I don’t know whether Hillary Clinton is going to win Ohio and Texas today, and if you think I’m going to hazard a guess based on these fluctuating polls, well, you must have snoozed through New Hampshire.
I also don’t know whether Hillary might throw in the towel if she loses one, or both, of the mega-states her own husband had declared to be crucial, or what kind of pressure she might come under to hang it up. But I do know one thing: Hers is not sounding like a winning campaign.
I say this not because of the red-phone ad or Hillary’s decision to abandon the trail to ham it up with Amy Poehler. No, it’s the finger-pointing that has broken out in her inner circle–the same inner circle that the media were hailing as loyal and disciplined until a few short weeks ago.
You know how it is with campaigns. When they’re on a roll, everyone is a genius. Reporters vie to write stories about the behind-the-scenes strategist, the brilliant memo, the turning point when the candidate rejected bad advice and went on to win 10 straight contests.
And the trailing candidate? A badly flawed hack who made a hundred mistakes, surrounded by an incompetent staff that made a thousand mistakes, which in the media amplification comes across as a million mistakes.
So now we have the unseemly spectacle of senior Clinton aides saying, hey, wasn’t my fault, it was that other guy, I barely knew her. Much buzz about this L.A. Times piece and the comments of Mark Penn, who last time I checked was leading off every Hillary conference call with reporters:
“As the campaign faces a make-or-break moment, some high-level officials are trying to play down their role in the campaign. Penn said in an e-mail over the weekend that he had ‘no direct authority in the campaign,’ describing himself as merely ‘an outside message advisor with no campaign staff reporting to me.’
” ‘I have had no say or involvement in four key areas — the financial budget and resource allocation, political or organizational sides. Those were the responsibility of Patti Solis Doyle, Harold Ickes and Mike Henry, and they met separately on all matters relating to those areas.’
“Howard Wolfson, the campaign’s communications chief, answered that it was Penn who had top responsibility for both its strategy and message. Another aide said Penn spoke to Clinton routinely about the campaign’s message and ran daily meetings on the topic.”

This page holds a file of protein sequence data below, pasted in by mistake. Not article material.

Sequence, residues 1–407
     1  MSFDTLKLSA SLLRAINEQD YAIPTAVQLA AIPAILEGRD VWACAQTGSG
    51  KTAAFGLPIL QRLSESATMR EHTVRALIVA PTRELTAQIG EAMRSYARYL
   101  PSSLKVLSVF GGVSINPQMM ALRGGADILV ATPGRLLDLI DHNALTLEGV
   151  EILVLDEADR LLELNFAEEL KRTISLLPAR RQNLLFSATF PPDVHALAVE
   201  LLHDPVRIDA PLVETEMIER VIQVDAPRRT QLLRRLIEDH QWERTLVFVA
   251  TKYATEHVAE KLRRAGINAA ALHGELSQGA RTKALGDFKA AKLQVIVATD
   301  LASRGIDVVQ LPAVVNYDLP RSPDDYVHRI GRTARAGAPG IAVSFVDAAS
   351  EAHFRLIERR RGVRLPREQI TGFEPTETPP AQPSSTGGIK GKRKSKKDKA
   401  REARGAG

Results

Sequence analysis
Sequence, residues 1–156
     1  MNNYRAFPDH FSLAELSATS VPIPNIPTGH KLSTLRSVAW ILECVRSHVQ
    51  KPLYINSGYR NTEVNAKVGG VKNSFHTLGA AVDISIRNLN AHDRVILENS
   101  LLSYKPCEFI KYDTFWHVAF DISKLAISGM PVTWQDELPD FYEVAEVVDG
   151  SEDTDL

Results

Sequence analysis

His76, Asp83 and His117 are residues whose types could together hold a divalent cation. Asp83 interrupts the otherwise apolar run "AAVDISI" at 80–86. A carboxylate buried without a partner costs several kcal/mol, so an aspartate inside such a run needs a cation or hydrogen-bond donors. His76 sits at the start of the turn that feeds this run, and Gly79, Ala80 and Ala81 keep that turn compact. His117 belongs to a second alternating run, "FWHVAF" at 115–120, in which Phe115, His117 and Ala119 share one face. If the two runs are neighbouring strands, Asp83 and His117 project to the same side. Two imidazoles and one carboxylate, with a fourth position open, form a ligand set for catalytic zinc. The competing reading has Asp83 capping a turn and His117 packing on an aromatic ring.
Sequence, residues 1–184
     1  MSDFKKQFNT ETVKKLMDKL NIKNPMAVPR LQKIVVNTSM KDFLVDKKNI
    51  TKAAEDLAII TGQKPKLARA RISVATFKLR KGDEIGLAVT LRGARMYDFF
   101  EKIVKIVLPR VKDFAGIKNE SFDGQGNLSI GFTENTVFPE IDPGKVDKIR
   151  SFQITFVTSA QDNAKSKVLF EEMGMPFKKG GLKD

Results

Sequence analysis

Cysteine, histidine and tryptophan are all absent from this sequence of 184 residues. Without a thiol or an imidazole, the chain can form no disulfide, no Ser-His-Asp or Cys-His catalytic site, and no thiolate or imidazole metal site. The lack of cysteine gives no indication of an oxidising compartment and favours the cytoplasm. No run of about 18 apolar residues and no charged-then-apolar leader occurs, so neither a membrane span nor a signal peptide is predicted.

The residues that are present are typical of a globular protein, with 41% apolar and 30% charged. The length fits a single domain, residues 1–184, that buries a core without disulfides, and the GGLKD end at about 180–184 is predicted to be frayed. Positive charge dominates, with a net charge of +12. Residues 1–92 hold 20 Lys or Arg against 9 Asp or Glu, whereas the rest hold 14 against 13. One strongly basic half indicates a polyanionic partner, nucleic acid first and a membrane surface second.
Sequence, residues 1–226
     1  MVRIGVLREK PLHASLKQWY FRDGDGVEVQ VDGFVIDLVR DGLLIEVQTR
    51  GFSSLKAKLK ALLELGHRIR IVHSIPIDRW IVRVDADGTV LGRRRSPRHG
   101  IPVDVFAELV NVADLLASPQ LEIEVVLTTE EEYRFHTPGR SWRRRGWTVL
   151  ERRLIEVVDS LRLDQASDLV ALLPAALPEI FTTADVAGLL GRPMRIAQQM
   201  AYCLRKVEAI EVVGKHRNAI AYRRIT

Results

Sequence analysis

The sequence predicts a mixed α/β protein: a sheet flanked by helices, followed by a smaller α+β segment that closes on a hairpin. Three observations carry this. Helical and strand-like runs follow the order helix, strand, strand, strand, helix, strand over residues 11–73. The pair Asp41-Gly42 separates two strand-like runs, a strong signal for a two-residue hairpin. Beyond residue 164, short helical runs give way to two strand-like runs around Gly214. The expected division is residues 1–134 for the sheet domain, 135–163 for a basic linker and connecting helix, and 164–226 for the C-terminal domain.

But it’s not just Penn, as this New York Observer story makes clear:
“Harold Ickes definitely doesn’t buy the argument that Mark Penn isn’t responsible for everything that has happened to the Hillary Clinton campaign.
” ‘Mark Penn has run this campaign,’ said Ickes in a brief phone interview. ‘Besides Hillary Clinton, he is the single most responsible person for this campaign. Now, he has been circumscribed to some extent by Maggie Williams,’ said Ickes, who then pointed out that that was only a recent development.
“When asked about the assertion by one senior Clinton official the campaign was effectively run by committee, diluting Penn’s authority, Ickes was incredulous. ‘I don’t know what campaign you’re talking about,’ said Ickes. ‘I have been at meetings where he introduces himself as the campaign’s chief strategist. I’ve heard him call himself that many times, say, ‘I am the chief strategist.’ ”
Maybe–and this is just a guess–these guys don’t like each other?
I will say this: In watching the network broadcasts last night, it was the first time in I don’t remember how long that Hillary won a news cycle. The Rezko trial got covered, and the previously obscure dispute about whether Barack Obama is double-talking on NAFTA got covered as well. The only downside for Hillary was NBC suggesting that maybe she shouldn’t have offered an extra qualifier or two (“as far as I know”) in saying on “60 Minutes” that she doesn’t believe the false accounts that Obama is a Muslim.
“Saying she is ‘just getting warmed up,’ ” the L.A. Times reports, “Clinton contended that Obama had given the Canadians ‘the old wink-wink,’ by secretly telling them not to take offense at his need to disparage NAFTA while campaigning in job-strapped Ohio.”
Can Obama win GOP votes? A Washington Times poll “that a quarter of self-identified Republicans rated Mr. McCain most likable, but nearly as many — 23 percent — chose Mr. Obama as most likable. And among all adults surveyed, Mr. Obama was rated likable by more people than Sen. Hillary Rodham Clinton and Mr. McCain combined, underscoring the Illinois senator’s appeal to voters across the political spectrum.”
Who else thinks the press has been in the tank for Obama? Well, there’s Paul Krugman, the only anti-Obama voice on the NYT op-ed page:
“What we do know is that Mr. Obama has never faced a serious Republican opponent — and that he has not yet faced the hostile media treatment doled out to every Democratic presidential candidate since 1988 . . .